- After nearly a week of afternoons spent in my catch-all room, picking away at paper stacks and filing problems, I noticed other things popping into focus. I had an idea for a way to organize my bathroom counter, which took 10 minutes to complete, and means it is now a breeze to maintain and clean. I discovered and attended to more messes in my attic. I found items I'd been looking for in various locations, and had sparks of thought regarding organizational difficulties throughout the house. I found even more clothes to give away, as well as two small bags of movies. I developed a mental plan for systematically dealing with all the things I'd noticed throughout this process. I also dealt with organizational difficulties on my tablet (my main writing tool), and worked through writing or tweaking a mound of articles. Lastly, I finished reading a book I'd started 6 months previous.
- The process opened up mental room so I could spend more time with my daughter. We talked, fought, worked things out, played games, and watched movies.
- Finally, today, my husband decided he needed a different pair of work shoes. My daughter remembered the inventory in the hall closet, and brought out several pairs for him to try on. My husband is a bit of a hoarder and hates throwing things away, but before he was through, he had picked out, not only a suitable replacement pair to wear daily, but eight pairs of shoes to trash. Coincidence? Probably not.
Topics Previously Covered in This Series
In Part 1, we explore why fear inhibits our ability to know what we really want, and act on it. Our thought loops often hold the key to realizing our deepest desires. Focusing on and owning these thought loops can allow us to move forward, first making the decision that fear will no longer own us.
In Part 2, we cover the basics of how to develop a vision board, whether in an electronic or physical format. We offer prompts and resources to help you decide what you truly want out of life.
In Part 3, we discuss the role of bio rhythms in setting intentions which yield pleasant fruit. When you pair your firm and detailed expectations with careful timing, cooperation from others and the Universe often results.
In Part 4, we pinpoint how to choose the perfect visuals and images for your needs, decode your personal color associations, and use past regrets and misunderstandings to help you go forward more wisely.
In part 5, we explore the decisions to be made while setting up an Intentions-by-the-Month system, using a Pinterest Board or other format of your choice. This system allows you to form a habit of setting intentions daily, or on whatever schedule you choose.
In Part 6, we walk through how to set up a long term life plan of 5 to 10 years, using either a vision board format, a mind map, or a combination of these two systems.
In Part 7, we acknowledge that manipulation and painful circumstances can make it difficult to know who you are and what you want, then present emotional and mental exercises to help you overcome the gaslighting or conditioning of others.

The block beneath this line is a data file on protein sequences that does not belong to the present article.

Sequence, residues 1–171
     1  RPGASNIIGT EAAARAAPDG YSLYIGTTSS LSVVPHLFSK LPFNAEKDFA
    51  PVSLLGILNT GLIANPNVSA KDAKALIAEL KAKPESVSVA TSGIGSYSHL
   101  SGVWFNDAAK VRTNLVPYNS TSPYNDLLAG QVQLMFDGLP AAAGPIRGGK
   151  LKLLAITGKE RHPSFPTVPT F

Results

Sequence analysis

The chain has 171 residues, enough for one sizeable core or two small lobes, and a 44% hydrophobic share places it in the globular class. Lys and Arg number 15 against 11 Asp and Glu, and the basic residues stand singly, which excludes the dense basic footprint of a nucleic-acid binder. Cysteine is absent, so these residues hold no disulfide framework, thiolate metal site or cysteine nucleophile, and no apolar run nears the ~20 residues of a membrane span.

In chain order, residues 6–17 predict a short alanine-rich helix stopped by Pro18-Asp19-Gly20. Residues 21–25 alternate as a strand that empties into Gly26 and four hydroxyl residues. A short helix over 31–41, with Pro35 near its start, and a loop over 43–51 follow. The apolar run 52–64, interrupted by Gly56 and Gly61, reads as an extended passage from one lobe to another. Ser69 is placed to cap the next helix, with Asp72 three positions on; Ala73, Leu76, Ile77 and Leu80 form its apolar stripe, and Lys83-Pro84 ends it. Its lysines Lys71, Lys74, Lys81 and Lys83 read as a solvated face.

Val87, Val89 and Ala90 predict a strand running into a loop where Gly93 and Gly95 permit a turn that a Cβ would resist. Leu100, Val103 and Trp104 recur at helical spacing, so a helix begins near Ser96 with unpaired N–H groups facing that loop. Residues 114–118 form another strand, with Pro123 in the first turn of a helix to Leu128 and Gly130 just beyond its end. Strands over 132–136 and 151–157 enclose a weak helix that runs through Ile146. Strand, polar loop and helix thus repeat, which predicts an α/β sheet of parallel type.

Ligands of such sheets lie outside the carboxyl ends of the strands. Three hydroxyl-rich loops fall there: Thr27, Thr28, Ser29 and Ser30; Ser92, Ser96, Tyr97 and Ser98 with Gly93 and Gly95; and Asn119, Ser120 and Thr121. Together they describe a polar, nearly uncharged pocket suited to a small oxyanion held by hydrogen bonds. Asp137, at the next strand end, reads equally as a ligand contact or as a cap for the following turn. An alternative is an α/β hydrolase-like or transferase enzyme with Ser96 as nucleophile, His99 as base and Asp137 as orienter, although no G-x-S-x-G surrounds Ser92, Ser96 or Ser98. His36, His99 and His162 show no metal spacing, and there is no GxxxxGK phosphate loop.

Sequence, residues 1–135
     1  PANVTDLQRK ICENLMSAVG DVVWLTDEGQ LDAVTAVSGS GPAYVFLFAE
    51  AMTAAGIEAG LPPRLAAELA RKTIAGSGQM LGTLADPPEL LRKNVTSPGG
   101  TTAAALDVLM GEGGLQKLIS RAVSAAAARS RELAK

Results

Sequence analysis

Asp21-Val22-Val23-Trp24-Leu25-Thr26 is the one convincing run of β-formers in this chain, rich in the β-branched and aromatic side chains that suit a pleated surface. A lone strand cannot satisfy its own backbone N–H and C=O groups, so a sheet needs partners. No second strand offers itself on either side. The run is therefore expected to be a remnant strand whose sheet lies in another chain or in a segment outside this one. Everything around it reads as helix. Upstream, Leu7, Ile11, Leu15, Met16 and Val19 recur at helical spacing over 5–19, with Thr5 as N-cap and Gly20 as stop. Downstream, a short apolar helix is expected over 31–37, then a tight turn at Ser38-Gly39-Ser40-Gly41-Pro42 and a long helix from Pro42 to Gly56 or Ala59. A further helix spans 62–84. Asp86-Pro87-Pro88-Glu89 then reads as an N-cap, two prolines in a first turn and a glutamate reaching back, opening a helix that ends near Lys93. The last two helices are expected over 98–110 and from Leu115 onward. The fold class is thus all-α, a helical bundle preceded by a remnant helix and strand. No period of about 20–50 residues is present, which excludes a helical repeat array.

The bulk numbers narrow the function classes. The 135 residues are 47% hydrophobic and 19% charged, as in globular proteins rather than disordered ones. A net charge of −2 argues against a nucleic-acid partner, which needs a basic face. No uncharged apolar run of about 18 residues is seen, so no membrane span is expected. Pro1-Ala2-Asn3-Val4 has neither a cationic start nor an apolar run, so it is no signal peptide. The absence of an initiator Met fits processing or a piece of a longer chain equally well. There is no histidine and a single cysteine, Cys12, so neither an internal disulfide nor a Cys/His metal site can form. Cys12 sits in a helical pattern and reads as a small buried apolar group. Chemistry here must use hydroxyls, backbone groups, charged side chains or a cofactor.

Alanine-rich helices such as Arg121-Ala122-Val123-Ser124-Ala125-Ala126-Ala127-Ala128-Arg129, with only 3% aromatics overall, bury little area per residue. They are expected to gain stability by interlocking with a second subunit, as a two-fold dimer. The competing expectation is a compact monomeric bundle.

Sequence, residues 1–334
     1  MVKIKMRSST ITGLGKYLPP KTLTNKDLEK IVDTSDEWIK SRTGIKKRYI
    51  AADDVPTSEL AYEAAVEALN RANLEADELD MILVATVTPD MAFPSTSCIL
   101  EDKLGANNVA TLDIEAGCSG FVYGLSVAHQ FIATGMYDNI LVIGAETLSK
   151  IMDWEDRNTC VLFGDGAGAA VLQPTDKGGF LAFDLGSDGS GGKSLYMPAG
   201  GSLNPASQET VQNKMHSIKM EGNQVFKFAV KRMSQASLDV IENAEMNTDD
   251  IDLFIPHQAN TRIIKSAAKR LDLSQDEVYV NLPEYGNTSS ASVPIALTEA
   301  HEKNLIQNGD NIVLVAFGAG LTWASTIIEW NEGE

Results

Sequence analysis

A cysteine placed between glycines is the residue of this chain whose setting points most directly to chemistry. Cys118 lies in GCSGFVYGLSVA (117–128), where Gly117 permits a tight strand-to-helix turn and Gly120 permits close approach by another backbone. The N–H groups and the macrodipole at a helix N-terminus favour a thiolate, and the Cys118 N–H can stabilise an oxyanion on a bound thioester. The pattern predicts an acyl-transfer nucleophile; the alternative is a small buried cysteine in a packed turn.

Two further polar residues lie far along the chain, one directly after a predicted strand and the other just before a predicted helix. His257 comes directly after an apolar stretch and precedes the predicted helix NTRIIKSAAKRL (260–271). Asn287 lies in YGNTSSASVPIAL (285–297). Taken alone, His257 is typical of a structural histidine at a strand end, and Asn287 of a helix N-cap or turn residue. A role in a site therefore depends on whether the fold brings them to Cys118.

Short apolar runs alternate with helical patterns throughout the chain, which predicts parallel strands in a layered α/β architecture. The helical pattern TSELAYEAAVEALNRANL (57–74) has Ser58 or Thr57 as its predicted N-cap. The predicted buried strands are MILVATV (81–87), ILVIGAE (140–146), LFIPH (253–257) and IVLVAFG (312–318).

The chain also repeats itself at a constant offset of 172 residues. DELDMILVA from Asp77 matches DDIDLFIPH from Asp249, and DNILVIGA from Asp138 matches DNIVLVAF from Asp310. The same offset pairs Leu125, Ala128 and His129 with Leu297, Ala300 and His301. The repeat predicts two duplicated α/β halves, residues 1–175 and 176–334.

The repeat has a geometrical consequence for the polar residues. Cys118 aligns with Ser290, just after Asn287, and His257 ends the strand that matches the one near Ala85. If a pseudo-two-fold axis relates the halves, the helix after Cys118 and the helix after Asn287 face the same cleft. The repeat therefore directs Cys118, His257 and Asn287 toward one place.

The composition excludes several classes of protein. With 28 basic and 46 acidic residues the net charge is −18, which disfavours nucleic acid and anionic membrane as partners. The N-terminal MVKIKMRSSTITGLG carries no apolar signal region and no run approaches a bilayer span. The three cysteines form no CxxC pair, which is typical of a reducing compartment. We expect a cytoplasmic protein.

In Part 8, we show how becoming aware of your emotions is crucial to moving forward in your heart and life, and offer simple exercises to help you discern what you are feeling.
In Part 9, we offer tips and guidelines for creating affirmations that work for you. Developing your own personal affirmations can be a rewarding process, yielding insights into your own thoughts and motives.
In Part 10, we explore a way to develop communication between your mind and body. We focus on how to develop this communication, and offer some ways to troubleshoot resistance in your body, emotions, and mind.
In Part 11, we explore how to build courage and replace negative energy with that of healthy expectations, through the use of positive images to overcome the effects of bad memories.
In Part 12, we discuss how to tap into the free energy of the Universe to boost your own healing powers.
In Part 13, we outline how to realign your energy field with your current intentions.
Our Conditions and Qualifications
In case you missed our intro before, we are an autistic DID System who have spent years exploring how trauma affects our ability to live our best life and act on our deepest needs. We have no official diagnosis, and no legal qualifications to offer advice or training on mental health conditions. Conversely, we have a decade of experience managing our Dissociative Identity Disorder, as well as about four years working to understand our autism.
Our Approach to Vision Boarding
Because fear is such a huge roadblock to stability and satisfaction, we have chosen to approach the topic of vision board development by exploring how it can be used to assist in healing and changing trauma patterns. We specifically use it to overcome fear and other trauma responses.
This content is accurate and true to the best of the author’s knowledge and does not substitute for diagnosis, prognosis, treatment, prescription, and/or dietary advice from a licensed health professional. Drugs, supplements, and natural remedies may have dangerous side effects. If pregnant or nursing, consult with a qualified provider on an individual basis. Seek immediate help if you are experiencing a medical emergency.
© 2020 Joilene Rasmussen
Joilene Rasmussen (author) from United States on August 05, 2020:
B, you're welcome.
Hoopyloopy on August 05, 2020:
I really enjoyed reading that, thank you for taking the time to do that..